Currently viewing the category: "Gadgets"

[via Sortable]

So Glasses (coded Project Glass) has received all the rave reviews lately.  And I’m sure they’ll be awesome when they are available late this year.  But what if you’re in a slightly disconnected environment and unable to utilize the cloud?

I tried on a Golden-i headset at CES in January 2012 (picture).  If developed further I believe they could have decent application in a Maritime environment.  Billed as the world’s first hands-free mobile, head-worn computing experience they have the ability to enable and use the cloud when available but could also be adapted to use a Cloudlet (think mini cloud on a ship).  These have the possibility to significantly improve safety, productivity, and efficiency of an individual solely on freeing up their hands.

The software side runs Windows Embedded CE 6.0 and communicates via Bluetooth (v2.1 EDR) and WIFI (b/g) pathways (obviously we’d want to either augment this with storage memory for full disconnected ops).

I’d be concerned though after the news about Project Glass if I were Golden-i.   ’s targeted your market share and have fun opposing the giant but if you’ve got Microsoft backing you as a Windows platform provider you might be able to make it interesting.  I’d strive to lower the $2500 price point and continue to iterate your design.  A morph between the current Golden-i headset and the looks of ’s Glasses could pose an interesting competitive product.

[via Golden-i]

Tagged with:

In what is possibly ’s first counter blow to the Siri capability that Apple released with the iPhone 4S, Project Glass and it’s augmented reality ability has significant promise. Obviously still in its first release iteration we’ve seen significant movement with augmented reality solely due to smart device commoditization.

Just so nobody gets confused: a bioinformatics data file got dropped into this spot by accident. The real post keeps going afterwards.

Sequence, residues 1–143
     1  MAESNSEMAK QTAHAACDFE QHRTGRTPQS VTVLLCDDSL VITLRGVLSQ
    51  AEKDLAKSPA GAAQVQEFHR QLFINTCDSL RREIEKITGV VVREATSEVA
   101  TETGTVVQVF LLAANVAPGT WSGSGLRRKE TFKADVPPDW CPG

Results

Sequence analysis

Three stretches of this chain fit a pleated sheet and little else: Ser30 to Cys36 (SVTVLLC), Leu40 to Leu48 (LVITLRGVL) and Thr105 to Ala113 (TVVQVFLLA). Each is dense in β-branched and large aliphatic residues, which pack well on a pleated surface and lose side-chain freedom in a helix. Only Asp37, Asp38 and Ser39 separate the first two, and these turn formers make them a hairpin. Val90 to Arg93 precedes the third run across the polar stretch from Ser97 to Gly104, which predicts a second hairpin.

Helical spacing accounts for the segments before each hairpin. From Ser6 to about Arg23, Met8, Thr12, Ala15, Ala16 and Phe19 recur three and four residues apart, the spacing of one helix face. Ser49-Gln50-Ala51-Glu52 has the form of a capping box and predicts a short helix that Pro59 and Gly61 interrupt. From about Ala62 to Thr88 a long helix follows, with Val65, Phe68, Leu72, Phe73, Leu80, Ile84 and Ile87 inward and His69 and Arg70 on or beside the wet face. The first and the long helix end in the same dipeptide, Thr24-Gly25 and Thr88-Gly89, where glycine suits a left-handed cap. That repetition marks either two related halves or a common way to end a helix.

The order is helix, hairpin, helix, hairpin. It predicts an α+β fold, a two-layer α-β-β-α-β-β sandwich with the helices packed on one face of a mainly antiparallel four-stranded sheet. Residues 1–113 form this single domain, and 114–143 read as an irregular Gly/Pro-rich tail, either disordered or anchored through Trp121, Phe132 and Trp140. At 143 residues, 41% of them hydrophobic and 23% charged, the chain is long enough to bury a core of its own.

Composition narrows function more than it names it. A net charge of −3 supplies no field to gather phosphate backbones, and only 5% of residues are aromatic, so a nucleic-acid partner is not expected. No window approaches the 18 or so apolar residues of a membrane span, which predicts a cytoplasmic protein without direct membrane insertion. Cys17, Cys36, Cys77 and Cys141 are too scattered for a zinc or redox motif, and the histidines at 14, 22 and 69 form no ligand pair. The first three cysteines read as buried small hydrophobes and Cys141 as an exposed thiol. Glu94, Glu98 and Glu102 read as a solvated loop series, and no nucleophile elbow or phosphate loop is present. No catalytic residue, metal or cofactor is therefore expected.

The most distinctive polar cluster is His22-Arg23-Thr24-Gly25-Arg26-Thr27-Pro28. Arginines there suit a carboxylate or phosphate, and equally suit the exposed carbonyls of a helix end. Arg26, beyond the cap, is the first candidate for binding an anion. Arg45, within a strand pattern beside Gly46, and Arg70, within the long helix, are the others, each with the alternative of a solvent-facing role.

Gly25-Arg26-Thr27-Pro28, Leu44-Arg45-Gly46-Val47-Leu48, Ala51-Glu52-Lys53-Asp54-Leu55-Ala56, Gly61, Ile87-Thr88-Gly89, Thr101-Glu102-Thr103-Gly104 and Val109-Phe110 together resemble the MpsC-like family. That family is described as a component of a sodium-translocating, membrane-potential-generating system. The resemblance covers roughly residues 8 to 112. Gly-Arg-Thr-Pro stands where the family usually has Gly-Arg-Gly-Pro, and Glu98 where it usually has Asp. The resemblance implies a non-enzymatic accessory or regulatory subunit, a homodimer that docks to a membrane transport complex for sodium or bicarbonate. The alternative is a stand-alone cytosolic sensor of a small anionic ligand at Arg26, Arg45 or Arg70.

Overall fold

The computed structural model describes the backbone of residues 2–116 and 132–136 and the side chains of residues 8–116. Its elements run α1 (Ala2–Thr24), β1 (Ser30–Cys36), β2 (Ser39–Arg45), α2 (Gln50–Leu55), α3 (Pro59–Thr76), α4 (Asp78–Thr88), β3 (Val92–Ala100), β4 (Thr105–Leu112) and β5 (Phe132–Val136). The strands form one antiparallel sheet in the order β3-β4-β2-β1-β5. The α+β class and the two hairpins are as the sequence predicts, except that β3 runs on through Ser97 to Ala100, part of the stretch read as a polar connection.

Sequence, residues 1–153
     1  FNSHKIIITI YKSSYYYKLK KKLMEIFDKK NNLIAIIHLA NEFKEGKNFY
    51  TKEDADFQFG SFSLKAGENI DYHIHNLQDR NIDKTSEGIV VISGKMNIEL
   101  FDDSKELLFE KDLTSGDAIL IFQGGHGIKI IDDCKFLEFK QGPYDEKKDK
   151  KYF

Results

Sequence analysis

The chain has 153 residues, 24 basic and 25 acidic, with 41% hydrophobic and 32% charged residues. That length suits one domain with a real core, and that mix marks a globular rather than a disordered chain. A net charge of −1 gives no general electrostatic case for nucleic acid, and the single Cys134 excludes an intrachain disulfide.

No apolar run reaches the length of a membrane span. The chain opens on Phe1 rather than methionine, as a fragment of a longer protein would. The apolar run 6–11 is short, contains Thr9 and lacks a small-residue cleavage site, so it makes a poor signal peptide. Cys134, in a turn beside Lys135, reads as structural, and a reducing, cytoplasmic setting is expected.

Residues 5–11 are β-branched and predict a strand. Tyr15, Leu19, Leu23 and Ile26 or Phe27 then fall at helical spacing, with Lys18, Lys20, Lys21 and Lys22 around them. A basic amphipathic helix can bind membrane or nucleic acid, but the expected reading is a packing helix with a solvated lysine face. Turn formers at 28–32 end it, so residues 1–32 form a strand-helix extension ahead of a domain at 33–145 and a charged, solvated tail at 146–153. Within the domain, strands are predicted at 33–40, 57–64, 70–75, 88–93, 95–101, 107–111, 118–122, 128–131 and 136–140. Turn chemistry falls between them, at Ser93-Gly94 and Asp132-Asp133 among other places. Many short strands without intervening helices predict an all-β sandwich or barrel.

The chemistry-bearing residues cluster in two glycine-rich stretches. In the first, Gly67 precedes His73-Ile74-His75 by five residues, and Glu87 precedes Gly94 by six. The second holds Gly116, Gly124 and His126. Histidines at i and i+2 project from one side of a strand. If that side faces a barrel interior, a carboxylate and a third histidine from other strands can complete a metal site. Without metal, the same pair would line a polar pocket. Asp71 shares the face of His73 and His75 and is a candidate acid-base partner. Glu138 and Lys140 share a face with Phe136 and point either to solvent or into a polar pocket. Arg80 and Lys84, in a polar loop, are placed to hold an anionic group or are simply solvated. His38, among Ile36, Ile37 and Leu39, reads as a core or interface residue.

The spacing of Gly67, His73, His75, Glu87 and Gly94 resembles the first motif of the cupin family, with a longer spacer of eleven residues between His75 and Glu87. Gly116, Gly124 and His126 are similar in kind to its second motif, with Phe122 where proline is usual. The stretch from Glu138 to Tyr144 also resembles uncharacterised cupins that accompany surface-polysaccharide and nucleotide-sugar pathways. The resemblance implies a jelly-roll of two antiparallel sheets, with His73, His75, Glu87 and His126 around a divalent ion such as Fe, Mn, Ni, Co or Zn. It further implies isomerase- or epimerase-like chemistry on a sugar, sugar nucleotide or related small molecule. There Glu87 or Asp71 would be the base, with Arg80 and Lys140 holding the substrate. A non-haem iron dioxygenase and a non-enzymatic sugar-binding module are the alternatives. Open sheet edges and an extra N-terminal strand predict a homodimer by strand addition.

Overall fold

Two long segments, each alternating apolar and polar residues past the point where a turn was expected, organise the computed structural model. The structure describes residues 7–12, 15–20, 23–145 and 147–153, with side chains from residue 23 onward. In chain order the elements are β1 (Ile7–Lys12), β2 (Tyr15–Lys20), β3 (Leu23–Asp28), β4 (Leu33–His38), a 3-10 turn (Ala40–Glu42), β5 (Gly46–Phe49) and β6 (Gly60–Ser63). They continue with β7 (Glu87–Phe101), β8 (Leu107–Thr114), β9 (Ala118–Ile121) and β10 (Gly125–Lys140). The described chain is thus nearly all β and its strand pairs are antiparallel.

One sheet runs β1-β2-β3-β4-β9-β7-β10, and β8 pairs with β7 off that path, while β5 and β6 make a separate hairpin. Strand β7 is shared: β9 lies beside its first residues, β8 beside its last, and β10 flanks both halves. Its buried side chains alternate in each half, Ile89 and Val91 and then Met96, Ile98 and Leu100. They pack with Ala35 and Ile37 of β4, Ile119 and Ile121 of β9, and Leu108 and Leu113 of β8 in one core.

What I like:

  • The camera is always on.  This will ultimately lead to the equivalent of full life recording. I wish I could watch, fast forward or rewind through significant parts of significant world events or great leaders and family members lives.
  • Incorporation of things that still require a hand or tactile human interface device.
  • Continued fusion of human ability, information technology, and processor and cloud capabilities.
  • Opportunity to build upon current physical and information data ecosystems (=employment and jobs)
  • Improved personal safety; reduces the head down smart device walking syndrome that is spreading faster than H1N1.

Where I saw risk:

  • Predetermined route - Smart devices are starting to tell more than most people understand.  If I know you’re using ’s Glasses then there is a high probability that you’ll use their directions which I can then immediately target the most likely intercept point (obviously assuming I haven’t already compromised your glasses).  This is often dismissed as there are plenty of other methods due to geographic restriction of the number of possible routes.
  • Some lawyer will probably want to put a warning or user agreement on the simple human enjoyment like petting a dog while saying hello.
  • We still need to figure out a very conscious method to enabling the personal location broadcast capability.  Most individuals don’t continually assess their personal risk based on their progression through life.  This may come down to a training piece to the masses but I’m sure someone will blame or Facebook for getting mugged or kidnapped.
  • Not solely this technology but with “Check Ins” remember I can analyze your trends and do an exceptionally good job targeting you with 1, 15, or even 30 years of historical data.
  • The camera is always on.  This will ultimately lead to the equivalent of full life recording.  Where did the privacy line just shift in an entire “life” perspective?  Could this lead to analysis like in the movies Deja Vu or Minority Report?
  • With more and more video conferencing I’m going to need to get a lot more beauty sleep!

What did you “see” within the video and your life?

Update (25MAY12) - Check out the images and quick video of Project Glass in testing.

[via ’s Project Glass]

Set your Twitter account name in your settings to use the TwitterBar Section.